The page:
Leema missed a trick when choosing the name for this their first digital streamer/server. It seems clear to some of us that it should have been called the Leema Prima Streamer. As it is the Sirius is in Leema’s Constellation range so probably needed to adopt an astronomical appendage, and they chose the brightest star in the night sky, but you probably knew that.
So what is a Sirius? Well, on the one hand it’s a network audio server with inputs and outputs on RJ45 connectors for streamers, and a USB output for DACs. So far so normal. What differentiates the Leema from most of its competitors is the presence of a built-in digital to analogue converter and concomitant analogue output stage. The majority of servers don’t include this facility and have to be used with some form of DAC, and as Leema have a strong track record with the DACs in their CD players it must have seemed like a cunning plan to build one into a server.
But first they had to build a server, a rather specialised task that would be a headache and a huge drain on R&D reserves if attempted from the ground up. Instead Leema went to Innuos, a specialist in the field whose own servers have been making quite significant waves over the last few years (see my review of the Innuos Statement in the January issue, 167). The Sirius is based on an Innuos Zen Mk2 server but replaces a lot of the key elements with Leema tech. They have built a new linear power supply for the drive motors and added a DC power supply for the heart of the machine, the motherboard, as well as doubling the RAM of the base unit. This is a flexible server in terms of storage and you can buy it with anything from 2TB to 8TB of HDD capacity in 2TB increments. Adding HDDs increases the price but means that almost any library can be accommodated. Innuos fanciers can tell its origins by looking at the arrangement of ethernet and USB ports on the back panel but the biggest tell-tale is the my.innuos web interface that gives you access to the server’s various features and allows editing of metadata and the importing of music files. I have had issues with this interface in the past but either it’s got better or I’ve got used to it (or both) because it now seems to work effortlessly.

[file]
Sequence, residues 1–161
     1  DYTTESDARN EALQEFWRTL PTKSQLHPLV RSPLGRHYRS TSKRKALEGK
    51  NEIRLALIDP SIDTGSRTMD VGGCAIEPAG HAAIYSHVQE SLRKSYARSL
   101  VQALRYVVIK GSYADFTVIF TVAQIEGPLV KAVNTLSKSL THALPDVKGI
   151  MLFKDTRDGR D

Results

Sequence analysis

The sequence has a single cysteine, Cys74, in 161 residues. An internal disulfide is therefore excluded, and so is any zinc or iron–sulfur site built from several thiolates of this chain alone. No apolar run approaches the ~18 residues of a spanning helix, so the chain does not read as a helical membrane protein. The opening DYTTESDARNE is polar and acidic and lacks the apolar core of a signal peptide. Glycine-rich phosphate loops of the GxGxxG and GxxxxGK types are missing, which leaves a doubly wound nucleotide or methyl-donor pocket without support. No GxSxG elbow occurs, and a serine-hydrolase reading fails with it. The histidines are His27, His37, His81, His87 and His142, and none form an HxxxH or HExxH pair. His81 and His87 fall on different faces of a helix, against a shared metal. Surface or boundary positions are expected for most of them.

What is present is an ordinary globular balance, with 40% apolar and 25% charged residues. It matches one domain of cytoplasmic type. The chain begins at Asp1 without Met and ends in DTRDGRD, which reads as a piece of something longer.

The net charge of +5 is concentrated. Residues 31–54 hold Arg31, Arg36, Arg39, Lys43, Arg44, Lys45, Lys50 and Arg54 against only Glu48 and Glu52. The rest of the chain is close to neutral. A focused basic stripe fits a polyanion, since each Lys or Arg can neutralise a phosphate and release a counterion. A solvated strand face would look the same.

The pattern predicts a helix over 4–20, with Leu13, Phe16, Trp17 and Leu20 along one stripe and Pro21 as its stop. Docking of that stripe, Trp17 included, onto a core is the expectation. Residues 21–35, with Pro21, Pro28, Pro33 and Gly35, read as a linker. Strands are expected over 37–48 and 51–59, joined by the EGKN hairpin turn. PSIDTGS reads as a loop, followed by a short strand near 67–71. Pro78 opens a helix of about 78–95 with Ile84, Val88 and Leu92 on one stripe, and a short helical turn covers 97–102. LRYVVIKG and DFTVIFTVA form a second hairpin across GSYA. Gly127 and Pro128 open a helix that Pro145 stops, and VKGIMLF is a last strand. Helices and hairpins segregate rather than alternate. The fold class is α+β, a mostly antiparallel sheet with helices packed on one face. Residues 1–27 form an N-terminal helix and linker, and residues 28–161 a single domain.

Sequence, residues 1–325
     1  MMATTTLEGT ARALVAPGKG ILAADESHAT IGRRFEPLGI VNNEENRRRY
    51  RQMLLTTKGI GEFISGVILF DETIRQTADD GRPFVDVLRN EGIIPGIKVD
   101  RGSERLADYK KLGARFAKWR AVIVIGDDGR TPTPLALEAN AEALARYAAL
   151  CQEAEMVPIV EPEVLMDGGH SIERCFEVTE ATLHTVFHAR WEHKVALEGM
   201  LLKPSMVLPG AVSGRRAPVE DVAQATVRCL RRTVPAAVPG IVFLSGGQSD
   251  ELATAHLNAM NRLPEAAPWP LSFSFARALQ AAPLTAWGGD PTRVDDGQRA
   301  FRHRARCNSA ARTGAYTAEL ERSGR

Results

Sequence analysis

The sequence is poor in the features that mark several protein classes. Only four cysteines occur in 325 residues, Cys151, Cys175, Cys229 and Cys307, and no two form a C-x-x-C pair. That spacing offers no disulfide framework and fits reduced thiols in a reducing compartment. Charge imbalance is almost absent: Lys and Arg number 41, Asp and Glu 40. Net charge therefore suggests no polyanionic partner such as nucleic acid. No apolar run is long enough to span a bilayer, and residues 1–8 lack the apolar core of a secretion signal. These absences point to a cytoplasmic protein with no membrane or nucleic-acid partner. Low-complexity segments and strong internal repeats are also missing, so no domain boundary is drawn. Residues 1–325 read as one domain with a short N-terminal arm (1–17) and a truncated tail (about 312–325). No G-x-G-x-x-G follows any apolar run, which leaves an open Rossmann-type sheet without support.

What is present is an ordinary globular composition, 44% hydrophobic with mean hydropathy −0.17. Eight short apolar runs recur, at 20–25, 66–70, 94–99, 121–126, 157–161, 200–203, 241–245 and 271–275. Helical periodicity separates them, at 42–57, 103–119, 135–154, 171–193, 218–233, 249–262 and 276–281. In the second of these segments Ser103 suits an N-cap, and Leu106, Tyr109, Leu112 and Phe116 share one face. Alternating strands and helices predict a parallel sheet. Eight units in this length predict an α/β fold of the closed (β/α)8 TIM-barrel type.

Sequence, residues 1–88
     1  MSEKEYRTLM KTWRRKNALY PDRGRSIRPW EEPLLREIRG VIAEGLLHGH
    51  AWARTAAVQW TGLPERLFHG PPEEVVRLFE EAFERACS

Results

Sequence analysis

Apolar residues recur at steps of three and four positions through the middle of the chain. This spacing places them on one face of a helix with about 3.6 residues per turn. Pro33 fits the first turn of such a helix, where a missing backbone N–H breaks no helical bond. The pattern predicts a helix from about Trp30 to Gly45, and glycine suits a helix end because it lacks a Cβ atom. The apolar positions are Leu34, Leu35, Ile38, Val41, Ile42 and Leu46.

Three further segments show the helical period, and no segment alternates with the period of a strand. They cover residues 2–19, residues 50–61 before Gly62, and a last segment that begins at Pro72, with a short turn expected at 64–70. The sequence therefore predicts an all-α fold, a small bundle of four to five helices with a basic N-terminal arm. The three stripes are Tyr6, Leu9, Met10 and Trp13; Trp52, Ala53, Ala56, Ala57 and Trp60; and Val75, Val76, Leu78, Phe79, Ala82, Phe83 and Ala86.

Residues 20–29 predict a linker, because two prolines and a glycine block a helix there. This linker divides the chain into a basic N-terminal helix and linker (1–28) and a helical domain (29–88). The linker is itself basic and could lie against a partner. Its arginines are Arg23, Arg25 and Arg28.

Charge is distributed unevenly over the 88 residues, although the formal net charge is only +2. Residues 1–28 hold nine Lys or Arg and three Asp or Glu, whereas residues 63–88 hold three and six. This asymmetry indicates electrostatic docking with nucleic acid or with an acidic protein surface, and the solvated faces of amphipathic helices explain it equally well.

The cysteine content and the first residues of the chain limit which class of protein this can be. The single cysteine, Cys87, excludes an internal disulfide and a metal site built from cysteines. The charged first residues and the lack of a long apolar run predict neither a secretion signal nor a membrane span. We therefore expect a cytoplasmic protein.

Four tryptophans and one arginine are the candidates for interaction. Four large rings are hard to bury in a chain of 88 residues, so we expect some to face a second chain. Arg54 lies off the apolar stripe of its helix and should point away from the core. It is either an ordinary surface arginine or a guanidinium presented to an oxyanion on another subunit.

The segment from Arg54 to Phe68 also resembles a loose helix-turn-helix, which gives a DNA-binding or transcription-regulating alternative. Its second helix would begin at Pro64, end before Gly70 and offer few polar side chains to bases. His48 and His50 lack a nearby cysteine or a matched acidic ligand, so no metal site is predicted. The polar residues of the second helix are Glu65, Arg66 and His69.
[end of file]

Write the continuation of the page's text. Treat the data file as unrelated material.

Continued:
There are a few ways of getting your music onto the Sirius’ hard drives, the most straightforward being slotting a disc into the front of the box and letting it copy the music files (as WAV or FLAC rips) whilst looking up the appropriate metadata. If you already have lots of files these can be imported from a PC, NAS, or USB drive using either the quick import option, which just accepts the files as they are, or via a slower method that checks all the metadata and puts problem files into a quarantine folder for you to sort out. Controlling what the Sirius plays can be done with either iPeng on Apple devices or Orange Squeeze for Android; a more appealing but pricey option is to run the Roon Core on the server and use that excellent interface. If you find that control apps have a tendency to make you want to lob the tablet at the system Roon can be a great solace. That said, those after Internet radio are better off with the cheaper apps as Roon is not the most straightforward when it comes to adding stations. Both systems are good for online music services such as Tidal.
Leema chose a new ES9038PRO ESS Sabre DAC for Sirius and have gone on to integrate it in their latest products, and designer Lee Taylor is obviously impressed. The ESS Sabre DAC supports PCM up to 32-bits/384kHz and DSD256. If you want to use an existing DAC adding them to the XMOS USB output will give it a good chance of delivering the goods, but this does rather undermine the point of Sirius. If you just want a server with USB output, get a standard Innuos Zen, a Mk3 Zen at that. Obviously, the changes that Leema incorporates into this unit will give it an advantage as a server, but it’s really the integrated DAC and output stage alongside the fancy casework that you are paying for. And as usual with Leema, the case is very nice with silver anodised aluminium for the front and top with black fins down either flank, not that this server needs much cooling.